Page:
— L to Right: Colin Van Loon, T'skaya; Government official (Mask); Sam Bob: Jacob; Tetsuro Shigematsu: Kieji. Photo: Tim Matheson
SALMON ROW (THE BRITANNIA PROJECT)
(This is Jerry's review of the original production from 2011.)
The weather until recently may have been dreadful but that hasn’t stopped local theatre companies from taking advantage of our extraordinary outdoor locales. The latest innovative setting is a stretch of beautiful shoreline along the South Arm of the Fraser River in Steveston.
The area is home to Britannia Heritage Shipyards, now a museum, and to lines of condos with spectacular views of the river and the Strait beyond. But once it was known as Cannery Row, where salmon were packed and turned into product. In Salmon Row, Mortal Coil Performance Society tells stories about the generations of people who lived on the river, fished it, and worked in those canneries before there were such things as condos.
More a pageant than a play, Salmon Row throws pretty much everything at the audience in Peter Hall’s production of Nicola Harwood’s script. Moving through five outdoor locations, we get First Nations dancers, choruses of children and actors on stilts. Missionaries in grotesque masks and larger-than-life animal puppets. An excellent martial arts knife fight. Songs and a band and some pretty broad acting from a large cast of veteran performers including Sam Bob, Kim Harvey, Patrick Keating, Alvin Sanders, Tetsuro Shigematsu, Quelemia Sparrow, Ronin Wong, and Donna Yamamoto.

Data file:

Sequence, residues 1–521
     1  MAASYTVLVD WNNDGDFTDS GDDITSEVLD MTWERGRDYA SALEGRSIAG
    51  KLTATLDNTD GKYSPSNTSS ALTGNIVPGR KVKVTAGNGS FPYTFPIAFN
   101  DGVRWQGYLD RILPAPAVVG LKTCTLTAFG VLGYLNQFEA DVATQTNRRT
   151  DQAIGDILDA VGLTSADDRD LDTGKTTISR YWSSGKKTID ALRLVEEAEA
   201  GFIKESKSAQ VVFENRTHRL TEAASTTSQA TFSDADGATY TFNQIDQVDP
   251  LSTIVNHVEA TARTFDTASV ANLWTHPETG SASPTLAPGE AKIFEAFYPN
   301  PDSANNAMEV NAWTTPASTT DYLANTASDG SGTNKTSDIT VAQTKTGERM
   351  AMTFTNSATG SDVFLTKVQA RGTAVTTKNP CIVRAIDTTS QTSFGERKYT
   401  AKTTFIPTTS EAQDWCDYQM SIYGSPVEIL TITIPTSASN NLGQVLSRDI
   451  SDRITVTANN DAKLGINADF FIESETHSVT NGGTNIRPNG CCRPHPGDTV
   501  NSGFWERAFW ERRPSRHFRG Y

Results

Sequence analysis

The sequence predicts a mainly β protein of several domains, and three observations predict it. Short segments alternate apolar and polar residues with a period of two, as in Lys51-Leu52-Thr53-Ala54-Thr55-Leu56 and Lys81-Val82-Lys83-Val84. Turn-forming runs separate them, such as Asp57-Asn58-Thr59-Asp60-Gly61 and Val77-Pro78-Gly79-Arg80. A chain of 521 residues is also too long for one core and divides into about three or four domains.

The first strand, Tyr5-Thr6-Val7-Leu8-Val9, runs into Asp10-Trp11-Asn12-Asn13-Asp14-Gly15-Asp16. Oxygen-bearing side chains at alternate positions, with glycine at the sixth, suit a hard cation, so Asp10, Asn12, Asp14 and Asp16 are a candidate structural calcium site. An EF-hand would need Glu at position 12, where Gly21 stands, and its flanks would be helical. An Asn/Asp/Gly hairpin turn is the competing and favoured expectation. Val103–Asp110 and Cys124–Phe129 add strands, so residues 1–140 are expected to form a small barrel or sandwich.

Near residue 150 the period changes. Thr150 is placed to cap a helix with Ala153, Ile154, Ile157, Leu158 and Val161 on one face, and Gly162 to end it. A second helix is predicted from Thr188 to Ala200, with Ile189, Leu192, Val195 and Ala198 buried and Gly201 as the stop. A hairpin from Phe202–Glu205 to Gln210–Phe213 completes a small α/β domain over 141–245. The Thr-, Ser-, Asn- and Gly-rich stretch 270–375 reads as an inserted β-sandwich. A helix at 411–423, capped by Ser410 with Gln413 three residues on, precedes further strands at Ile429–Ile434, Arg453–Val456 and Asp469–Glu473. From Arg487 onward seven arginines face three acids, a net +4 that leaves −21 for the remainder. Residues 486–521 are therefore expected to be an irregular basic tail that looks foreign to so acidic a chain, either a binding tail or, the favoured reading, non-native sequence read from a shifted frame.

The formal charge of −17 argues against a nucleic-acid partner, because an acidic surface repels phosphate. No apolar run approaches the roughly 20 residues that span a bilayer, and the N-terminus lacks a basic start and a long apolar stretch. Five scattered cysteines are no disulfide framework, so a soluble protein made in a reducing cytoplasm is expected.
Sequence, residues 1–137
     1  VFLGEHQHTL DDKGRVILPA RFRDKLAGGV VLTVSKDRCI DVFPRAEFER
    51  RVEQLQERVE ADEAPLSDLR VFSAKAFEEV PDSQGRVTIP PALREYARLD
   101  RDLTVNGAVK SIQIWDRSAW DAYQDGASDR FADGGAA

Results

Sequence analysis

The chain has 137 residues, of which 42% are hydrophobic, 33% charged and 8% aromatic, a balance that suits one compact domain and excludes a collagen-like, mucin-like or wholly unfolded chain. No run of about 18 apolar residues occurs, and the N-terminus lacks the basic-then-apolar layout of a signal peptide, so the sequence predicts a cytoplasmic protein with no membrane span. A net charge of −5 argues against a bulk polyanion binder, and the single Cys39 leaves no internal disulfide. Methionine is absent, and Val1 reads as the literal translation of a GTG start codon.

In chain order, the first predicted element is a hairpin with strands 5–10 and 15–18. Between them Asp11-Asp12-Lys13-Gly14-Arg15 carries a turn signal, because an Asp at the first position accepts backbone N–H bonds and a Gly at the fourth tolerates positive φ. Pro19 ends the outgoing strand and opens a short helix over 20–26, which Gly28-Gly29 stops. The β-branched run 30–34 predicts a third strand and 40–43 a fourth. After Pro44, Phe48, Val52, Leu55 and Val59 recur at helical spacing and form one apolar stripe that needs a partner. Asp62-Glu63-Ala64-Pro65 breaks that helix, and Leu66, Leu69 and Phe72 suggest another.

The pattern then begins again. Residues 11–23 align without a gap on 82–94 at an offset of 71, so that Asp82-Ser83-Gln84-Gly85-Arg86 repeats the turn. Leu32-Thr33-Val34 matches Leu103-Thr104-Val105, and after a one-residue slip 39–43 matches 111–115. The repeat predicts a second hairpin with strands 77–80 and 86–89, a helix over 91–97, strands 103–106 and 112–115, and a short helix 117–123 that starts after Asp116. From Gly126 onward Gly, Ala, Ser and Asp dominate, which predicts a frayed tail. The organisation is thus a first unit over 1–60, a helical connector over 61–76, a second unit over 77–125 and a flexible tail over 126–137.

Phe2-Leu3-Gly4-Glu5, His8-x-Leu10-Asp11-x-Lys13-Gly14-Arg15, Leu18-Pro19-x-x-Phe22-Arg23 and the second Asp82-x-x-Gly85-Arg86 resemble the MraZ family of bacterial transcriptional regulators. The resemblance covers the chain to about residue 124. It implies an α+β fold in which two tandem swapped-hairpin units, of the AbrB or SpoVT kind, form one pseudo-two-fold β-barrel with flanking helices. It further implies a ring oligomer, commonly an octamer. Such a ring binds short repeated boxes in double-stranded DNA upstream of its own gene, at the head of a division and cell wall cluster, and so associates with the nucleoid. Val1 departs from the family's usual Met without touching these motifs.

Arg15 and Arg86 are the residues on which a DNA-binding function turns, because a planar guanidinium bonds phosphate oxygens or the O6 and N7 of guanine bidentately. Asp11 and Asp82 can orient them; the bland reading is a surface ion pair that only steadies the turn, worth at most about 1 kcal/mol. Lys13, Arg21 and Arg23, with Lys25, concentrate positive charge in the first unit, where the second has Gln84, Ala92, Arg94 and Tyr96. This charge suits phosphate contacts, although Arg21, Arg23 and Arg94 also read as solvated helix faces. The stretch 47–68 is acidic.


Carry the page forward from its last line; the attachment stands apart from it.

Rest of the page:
The sprawling action covers almost a century, from the establishment of the first cannery in the mid-1800s through the Second World War, and the tribulations of the people who worked there. They were local First Nations and immigrants from Europe, China and Japan.
Cannery work was hard and in Salmon Row the management exploits the workers at every turn. Prejudice and suspicion lead to clashes between whites and Natives, Natives and Asians, whites and Asians, Chinese and Japanese. Attempts at union solidarity founder on the rocks of cultural difference. Friends and families are split apart. But we see cross-cultural alliances develop, too, and individual success stories over the long run.
The history lesson also includes reminders of the often vicious racism and appalling government policies suffered by these groups during that time: the Chinese Head Tax and Exclusion Act, Japanese fishing quotas and internment, the banning of the potlatch and the establishment of residential schools for Native children. One of the evening’s most effective theatrical moments introduces a canning machine that made many workers redundant. It was known as “The Iron Chink.”
Salmon Row is a little too long and rambling. And everyone needs to pick up their cues. But it’s an informative and entertaining way to learn about our fascinating heritage.
Wear sensible shoes and bring a wrap for the cool evening air.